8 You#tn The king is now addressed. One could argue that the Lord is still being addressed, but v. 9 militates against this proposal, for there the Lord is mentioned in the third person and appears to be distinct from the addressee (unless, of course, one takes “Lord” in v. 9 as vocative; see the note on “them” in v. 9b). Verse 7 begins this transition to a new addressee by referring to both the king and the Lord in the third person (in vv. 1-6 the Lord is addressed and only the king referred to in the third person). prevail over#tn Heb “your hand finds.” The idiom pictures the king grabbing hold of his enemies and defeating them (see 1 Sam 23:17). The imperfect verbal forms in vv. 8-12 may be translated with the future tense, as long as the future is understood as generalizing. all your enemies;
your power is too great for those who hate you.#tn Heb “your right hand finds those who hate you.”
9 You burn them up like a fiery furnace#tn Heb “you make them like a furnace of fire.” Although many modern translations retain the literal Hebrew, the statement is elliptical. The point is not that he makes them like a furnace, but like an object burned in a furnace (cf. NEB, “at your coming you shall plunge them into a fiery furnace”). when you appear;#tn Heb “at the time of your face.” The “face” of the king here refers to his angry presence. See Lam 4:16.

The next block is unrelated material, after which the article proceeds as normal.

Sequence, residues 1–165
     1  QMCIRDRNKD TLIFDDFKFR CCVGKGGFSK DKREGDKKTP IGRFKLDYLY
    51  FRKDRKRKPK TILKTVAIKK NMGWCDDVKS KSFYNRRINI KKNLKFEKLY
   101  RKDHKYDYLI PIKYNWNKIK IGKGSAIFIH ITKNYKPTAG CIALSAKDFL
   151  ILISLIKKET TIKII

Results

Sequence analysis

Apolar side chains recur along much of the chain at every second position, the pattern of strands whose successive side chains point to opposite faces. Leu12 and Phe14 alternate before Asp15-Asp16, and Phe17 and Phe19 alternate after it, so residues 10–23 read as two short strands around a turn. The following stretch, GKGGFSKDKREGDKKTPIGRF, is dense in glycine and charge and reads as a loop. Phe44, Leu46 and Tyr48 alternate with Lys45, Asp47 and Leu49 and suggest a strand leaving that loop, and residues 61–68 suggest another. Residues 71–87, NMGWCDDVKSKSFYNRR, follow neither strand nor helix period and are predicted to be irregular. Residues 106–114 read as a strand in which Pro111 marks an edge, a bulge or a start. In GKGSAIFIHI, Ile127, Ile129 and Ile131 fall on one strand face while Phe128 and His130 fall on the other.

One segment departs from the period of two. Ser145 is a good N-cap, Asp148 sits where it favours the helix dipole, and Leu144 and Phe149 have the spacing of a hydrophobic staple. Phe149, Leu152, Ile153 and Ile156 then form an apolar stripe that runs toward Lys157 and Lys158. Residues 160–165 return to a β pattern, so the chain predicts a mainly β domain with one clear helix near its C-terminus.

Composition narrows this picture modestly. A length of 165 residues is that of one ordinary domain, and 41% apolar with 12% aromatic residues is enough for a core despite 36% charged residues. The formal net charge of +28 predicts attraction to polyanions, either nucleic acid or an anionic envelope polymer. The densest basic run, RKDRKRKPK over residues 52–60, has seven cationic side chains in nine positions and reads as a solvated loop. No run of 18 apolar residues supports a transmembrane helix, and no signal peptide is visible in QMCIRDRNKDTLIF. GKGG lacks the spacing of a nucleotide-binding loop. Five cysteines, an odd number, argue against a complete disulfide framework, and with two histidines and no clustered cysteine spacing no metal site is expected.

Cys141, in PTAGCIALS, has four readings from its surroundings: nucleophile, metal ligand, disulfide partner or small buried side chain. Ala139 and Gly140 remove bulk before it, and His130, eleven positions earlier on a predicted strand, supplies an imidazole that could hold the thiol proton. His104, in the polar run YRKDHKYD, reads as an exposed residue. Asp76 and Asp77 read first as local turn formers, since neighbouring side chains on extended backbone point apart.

the Lord angrily devours them;#tn Heb “the Lord, in his anger he swallows them, and fire devours them.” Some take “the Lord” as a vocative, in which case he is addressed in vv. 8-9a. But this makes the use of the third person in v. 9b rather awkward, though the king could be the subject (see vv. 1-7).
the fire consumes them.
10 You destroy their offspring#tn Heb “fruit.” The next line makes it clear that offspring is in view. from the earth,
their descendants#tn Heb “seed.” from among the human race.#tn Heb “sons of man.”
11 Yes,#tn Or “for.” they intend to do you harm;#tn Heb “they extend against you harm.” The perfect verbal forms in v. 11 are taken as generalizing, stating factually what the king’s enemies typically do. Another option is to translate with the past tense (“they intended…planned”).
they dream up a scheme,#sn See Ps 10:2. but they do not succeed.#tn Heb “they lack ability.”
12 For you make them retreat#tn Heb “you make them a shoulder,” i.e., “you make them turn and run, showing the back of their neck and shoulders.”
when you shoot your arrows at them.#tn Heb “with your bowstrings you fix against their faces,” i.e., “you fix your arrows on the bowstrings to shoot at them.”
13 Rise up, O Lord, in strength!#tn Heb “in your strength,” but English idiom does not require the pronoun.sn The psalm concludes with a petition to the Lord, asking him to continue to intervene in strength for the king and nation.
We will sing and praise#tn Heb “sing praise.” your power!